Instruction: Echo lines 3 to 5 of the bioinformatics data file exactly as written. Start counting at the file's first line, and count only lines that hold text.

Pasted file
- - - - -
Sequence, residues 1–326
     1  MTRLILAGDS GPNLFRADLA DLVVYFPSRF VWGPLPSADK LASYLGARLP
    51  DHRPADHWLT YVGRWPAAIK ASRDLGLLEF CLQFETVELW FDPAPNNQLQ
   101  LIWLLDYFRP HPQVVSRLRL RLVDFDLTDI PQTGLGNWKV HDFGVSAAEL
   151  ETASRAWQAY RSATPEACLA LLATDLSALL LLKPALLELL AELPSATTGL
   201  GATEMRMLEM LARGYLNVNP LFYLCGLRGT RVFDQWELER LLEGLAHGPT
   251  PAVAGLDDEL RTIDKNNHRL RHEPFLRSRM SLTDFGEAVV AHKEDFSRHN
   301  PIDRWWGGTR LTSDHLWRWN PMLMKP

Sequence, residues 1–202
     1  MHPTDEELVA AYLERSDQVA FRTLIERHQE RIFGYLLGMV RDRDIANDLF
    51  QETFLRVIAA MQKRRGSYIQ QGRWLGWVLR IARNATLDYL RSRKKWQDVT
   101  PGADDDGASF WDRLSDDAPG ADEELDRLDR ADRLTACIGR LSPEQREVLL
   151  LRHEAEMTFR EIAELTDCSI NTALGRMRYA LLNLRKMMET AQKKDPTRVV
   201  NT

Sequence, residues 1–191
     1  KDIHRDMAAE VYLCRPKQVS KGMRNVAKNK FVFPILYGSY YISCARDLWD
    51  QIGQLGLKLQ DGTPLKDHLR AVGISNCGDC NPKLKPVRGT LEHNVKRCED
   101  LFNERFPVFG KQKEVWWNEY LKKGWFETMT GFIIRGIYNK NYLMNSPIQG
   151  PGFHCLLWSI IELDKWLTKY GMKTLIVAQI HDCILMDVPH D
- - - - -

    51  DHRPADHWLT YVGRWPAAIK ASRDLGLLEF CLQFETVELW FDPAPNNQLQ
   101  LIWLLDYFRP HPQVVSRLRL RLVDFDLTDI PQTGLGNWKV HDFGVSAAEL
   151  ETASRAWQAY RSATPEACLA LLATDLSALL LLKPALLELL AELPSATTGL